Emerson’s ideas struck a chord with a class of literate adults who also were dissatisfied with mainstream American life and searching for greater spiritual meaning. Many writers were drawn to transcendentalism, and they started to express its ideas through new stories, poems, essays, and articles. The ideas of transcendentalism were able to permeate American thought and culture through a prolific print culture, which allowed magazines and journals to be widely disseminated.

Questions & Answers

the american revolution
Angelica Reply
what started the American revolution
hi...can you state benefit of U.S constitution
Chimi Reply
bill of rights
it provided a political framework which provifed stability while at the same time permitting freedoms which allowed the American people to flourish
Among the major cause of American civil war, can I have a brief account on social cause?
Rinchen Reply
The issue of slavery between South America and North America that lead to the American Civil War
not sure what you mean by "social" causes. Do you mean things like differences between Northern ers & southerners?
what was the purpose of Operation Valkyrie?
Matthew Reply
I have no idea
which culture developed the writting system in the western hemisphere?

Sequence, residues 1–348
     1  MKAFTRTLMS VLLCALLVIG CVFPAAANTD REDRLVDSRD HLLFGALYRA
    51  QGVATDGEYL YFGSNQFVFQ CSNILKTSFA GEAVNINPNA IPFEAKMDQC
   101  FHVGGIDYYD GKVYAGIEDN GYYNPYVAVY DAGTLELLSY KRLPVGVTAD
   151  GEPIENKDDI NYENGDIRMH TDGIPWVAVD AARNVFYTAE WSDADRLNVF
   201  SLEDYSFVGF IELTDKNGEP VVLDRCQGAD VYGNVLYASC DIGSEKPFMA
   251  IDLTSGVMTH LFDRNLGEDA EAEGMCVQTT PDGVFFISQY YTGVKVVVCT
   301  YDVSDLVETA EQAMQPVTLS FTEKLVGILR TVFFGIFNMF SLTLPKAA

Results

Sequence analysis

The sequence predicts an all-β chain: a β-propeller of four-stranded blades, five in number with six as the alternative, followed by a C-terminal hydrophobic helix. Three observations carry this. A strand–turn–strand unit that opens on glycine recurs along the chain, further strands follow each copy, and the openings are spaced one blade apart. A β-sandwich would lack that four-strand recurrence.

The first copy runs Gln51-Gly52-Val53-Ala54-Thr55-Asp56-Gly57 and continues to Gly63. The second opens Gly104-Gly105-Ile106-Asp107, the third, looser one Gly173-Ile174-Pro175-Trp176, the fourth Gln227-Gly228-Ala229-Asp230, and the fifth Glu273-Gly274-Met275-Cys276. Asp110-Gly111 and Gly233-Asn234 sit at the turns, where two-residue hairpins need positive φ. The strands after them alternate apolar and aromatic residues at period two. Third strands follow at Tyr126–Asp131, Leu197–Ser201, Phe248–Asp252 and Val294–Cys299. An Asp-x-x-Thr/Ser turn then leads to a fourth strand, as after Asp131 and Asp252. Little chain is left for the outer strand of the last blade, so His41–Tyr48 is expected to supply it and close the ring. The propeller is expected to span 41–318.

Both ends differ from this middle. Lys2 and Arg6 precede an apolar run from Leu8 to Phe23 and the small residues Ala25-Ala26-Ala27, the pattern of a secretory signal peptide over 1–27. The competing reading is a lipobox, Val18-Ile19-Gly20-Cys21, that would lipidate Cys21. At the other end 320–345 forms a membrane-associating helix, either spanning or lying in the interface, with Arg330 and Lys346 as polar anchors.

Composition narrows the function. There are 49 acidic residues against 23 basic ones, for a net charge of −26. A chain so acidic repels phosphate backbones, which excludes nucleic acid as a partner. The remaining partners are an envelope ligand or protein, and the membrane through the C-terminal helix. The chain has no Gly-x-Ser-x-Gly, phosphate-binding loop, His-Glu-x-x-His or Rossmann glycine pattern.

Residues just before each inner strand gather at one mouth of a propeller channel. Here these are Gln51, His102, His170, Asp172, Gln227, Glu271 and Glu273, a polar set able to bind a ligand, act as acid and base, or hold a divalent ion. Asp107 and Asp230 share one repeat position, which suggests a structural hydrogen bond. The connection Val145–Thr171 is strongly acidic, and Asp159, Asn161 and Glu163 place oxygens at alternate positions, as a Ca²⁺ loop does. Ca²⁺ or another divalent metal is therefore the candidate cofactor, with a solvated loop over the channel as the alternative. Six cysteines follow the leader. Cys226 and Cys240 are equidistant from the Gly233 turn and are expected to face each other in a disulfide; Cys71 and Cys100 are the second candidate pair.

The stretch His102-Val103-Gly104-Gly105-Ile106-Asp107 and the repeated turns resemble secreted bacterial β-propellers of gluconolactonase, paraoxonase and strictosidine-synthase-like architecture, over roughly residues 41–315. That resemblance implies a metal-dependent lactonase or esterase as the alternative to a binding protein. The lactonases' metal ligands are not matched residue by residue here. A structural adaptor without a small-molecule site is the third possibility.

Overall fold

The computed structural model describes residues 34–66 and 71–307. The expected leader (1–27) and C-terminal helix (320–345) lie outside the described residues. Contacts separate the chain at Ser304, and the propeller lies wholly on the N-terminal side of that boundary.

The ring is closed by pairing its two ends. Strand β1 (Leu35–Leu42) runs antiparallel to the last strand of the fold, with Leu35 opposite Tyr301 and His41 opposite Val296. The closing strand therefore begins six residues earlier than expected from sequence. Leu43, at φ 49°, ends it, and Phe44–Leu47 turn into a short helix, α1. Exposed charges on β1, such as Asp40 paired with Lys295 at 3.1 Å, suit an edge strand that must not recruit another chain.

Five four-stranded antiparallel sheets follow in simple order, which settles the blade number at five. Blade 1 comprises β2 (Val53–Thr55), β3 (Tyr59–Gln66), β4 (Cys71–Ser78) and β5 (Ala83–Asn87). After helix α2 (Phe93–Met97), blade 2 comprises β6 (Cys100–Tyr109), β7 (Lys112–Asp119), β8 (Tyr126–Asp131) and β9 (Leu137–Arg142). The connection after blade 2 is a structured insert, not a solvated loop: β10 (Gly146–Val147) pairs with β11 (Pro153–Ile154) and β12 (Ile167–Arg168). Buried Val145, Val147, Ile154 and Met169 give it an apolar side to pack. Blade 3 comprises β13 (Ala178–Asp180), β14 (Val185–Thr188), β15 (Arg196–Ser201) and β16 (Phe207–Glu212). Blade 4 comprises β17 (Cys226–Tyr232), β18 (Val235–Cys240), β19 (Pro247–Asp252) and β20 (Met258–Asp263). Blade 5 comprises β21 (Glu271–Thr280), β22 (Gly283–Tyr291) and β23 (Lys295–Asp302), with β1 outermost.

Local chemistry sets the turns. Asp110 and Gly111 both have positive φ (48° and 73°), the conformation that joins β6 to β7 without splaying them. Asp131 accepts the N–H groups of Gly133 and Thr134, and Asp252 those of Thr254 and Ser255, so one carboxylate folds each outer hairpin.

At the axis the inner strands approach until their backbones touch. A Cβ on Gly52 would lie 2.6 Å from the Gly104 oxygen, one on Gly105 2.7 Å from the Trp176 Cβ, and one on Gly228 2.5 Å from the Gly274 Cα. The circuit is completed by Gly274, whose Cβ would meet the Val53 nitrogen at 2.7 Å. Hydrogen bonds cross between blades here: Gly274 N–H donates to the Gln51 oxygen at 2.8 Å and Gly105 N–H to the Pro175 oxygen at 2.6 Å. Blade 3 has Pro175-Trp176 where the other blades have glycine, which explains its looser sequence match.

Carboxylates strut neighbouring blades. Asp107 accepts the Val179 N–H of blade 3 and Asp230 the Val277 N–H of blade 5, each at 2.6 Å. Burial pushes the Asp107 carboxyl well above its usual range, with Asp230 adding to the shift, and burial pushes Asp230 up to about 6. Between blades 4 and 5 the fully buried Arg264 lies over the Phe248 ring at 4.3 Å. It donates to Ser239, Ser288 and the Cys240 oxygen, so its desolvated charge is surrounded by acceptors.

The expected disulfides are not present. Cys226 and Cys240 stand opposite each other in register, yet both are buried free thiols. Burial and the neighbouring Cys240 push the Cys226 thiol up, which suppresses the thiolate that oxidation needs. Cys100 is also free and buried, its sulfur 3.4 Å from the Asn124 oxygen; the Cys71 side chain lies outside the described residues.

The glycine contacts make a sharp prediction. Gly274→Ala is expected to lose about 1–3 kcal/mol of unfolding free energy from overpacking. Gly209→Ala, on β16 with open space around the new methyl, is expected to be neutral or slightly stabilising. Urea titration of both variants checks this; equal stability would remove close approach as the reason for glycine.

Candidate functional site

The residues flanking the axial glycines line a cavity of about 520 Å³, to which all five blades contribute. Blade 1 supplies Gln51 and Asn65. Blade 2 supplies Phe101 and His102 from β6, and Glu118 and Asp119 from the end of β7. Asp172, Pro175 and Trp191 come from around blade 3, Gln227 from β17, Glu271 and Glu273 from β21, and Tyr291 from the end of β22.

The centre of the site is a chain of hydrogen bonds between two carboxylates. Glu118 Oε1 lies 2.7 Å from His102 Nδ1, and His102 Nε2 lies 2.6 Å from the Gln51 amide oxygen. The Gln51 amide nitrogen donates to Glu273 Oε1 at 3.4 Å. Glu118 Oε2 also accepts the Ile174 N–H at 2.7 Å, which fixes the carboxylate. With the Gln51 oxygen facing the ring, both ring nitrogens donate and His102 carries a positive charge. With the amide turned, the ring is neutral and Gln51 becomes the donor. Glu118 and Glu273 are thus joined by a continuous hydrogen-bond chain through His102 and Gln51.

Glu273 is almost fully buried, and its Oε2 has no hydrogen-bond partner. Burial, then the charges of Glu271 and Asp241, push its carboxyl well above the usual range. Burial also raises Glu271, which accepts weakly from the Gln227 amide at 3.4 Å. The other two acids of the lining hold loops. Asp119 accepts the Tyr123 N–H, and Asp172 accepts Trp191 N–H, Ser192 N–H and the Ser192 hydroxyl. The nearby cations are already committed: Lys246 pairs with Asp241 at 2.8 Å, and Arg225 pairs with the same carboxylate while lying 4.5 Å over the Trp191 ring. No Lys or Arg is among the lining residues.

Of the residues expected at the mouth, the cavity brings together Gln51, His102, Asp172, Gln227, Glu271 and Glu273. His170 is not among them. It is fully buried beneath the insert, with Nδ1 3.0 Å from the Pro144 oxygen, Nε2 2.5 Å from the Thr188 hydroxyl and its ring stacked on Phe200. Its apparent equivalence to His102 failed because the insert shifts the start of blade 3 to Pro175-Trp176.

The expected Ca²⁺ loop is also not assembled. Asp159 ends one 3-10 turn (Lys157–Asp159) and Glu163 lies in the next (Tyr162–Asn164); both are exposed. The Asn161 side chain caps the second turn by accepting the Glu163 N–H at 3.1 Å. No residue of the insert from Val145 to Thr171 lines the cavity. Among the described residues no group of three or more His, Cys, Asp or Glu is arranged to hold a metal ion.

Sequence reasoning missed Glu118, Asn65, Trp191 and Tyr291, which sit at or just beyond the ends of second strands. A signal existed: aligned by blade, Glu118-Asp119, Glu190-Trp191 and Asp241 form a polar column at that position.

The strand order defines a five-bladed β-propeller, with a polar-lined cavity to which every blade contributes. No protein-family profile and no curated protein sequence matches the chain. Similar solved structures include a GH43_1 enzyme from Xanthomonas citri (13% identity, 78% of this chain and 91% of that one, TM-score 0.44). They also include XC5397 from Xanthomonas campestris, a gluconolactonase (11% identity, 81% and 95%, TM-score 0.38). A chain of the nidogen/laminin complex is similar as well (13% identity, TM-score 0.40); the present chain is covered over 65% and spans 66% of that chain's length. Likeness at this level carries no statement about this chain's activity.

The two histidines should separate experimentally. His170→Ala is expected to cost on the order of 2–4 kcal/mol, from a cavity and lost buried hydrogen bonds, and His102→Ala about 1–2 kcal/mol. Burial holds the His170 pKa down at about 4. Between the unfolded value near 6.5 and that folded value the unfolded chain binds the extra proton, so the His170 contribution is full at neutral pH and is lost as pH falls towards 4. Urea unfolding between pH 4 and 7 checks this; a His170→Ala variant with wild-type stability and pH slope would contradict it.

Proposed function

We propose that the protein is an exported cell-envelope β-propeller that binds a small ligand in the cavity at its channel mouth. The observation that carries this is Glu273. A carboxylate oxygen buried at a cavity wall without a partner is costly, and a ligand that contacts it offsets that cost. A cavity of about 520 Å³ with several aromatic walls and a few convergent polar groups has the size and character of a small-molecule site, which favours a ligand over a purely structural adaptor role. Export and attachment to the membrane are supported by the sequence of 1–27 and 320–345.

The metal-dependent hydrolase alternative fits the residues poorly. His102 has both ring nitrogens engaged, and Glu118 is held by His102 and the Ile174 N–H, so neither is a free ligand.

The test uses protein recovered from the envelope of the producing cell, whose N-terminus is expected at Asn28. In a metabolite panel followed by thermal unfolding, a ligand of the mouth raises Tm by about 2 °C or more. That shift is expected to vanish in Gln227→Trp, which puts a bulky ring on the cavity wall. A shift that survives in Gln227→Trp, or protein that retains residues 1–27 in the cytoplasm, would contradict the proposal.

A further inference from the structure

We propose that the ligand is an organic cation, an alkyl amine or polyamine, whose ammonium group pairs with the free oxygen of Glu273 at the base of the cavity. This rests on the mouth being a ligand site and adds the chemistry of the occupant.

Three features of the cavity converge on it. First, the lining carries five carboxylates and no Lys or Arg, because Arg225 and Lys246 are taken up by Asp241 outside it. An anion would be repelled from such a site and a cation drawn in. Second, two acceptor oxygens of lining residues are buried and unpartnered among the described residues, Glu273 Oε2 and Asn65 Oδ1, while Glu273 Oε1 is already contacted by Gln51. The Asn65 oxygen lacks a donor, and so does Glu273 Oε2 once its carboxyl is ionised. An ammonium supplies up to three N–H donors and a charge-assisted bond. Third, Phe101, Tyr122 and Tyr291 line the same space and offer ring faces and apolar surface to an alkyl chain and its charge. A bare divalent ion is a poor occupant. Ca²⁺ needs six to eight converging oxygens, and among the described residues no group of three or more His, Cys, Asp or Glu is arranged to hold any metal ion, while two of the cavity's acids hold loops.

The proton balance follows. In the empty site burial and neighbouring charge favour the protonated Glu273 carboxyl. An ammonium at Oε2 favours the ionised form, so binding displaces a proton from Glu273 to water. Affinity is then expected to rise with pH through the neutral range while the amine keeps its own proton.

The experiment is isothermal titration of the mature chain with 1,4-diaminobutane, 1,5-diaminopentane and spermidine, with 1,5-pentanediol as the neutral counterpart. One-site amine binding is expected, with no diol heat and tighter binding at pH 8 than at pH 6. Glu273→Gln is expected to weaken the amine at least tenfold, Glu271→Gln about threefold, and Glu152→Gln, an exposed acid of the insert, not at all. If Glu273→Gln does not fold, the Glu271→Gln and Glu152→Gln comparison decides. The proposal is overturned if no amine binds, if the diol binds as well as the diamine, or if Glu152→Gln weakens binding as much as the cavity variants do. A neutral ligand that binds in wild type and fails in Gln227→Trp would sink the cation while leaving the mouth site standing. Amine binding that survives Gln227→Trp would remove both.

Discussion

cierra Reply
the phoenicians
Treaty of Greenville
The Reply
Please keep in mind that it is not allowed to promote any social groups (whatsapp, facebook, etc...) or exchange phone numbers or email addresses on our platform.
QuizOver Reply
Columbus didn't discover ish. He stole America from the Natives
LovingN Reply
Who was Nat Turner? What was the cause and impact of the Nat Turner Rebellion?
which culture developed the only writing systems in the western hemisphere
rose Reply
economic causes of American civil war
Samten Reply
do you mean the major causes of American civil war
idealistic birth of industries in great britain
Rinchen Reply
how doent show that Martin king jr dies where say that on google.com
Jessica Reply
what year was America found
Adaregba Reply
i think America was discovered by Christopher Columbus in the year 1492
yes samten ,it was discovered by Christopher Columbus in August 3rd 1492
but, we're was the name (America gotten from
i could't understand what are you asking about
sorry i don't have this answer
how did texas settlers view of mexico and its people contribute to the history of texas in the 1830s
Princess Reply
They felt that they had to get their independence and be annexed to the U.S.
Which of the following does NOT represent an outcome of Reconstruction that contributed to the building of southern white resentment?
Marcela Reply
Which of the following best represents the business strategy of J. Pierpont Morgan in building his economic standing in the American capitalist system?

Get the best U.s. history course in your pocket!

Source:  OpenStax, U.s. history. OpenStax CNX. Jan 12, 2015 Download for free at http://legacy.cnx.org/content/col11740/1.3
Google Play and the Google Play logo are trademarks of Google Inc.

Notification Switch

Would you like to follow the 'U.s. history' conversation and receive update notifications?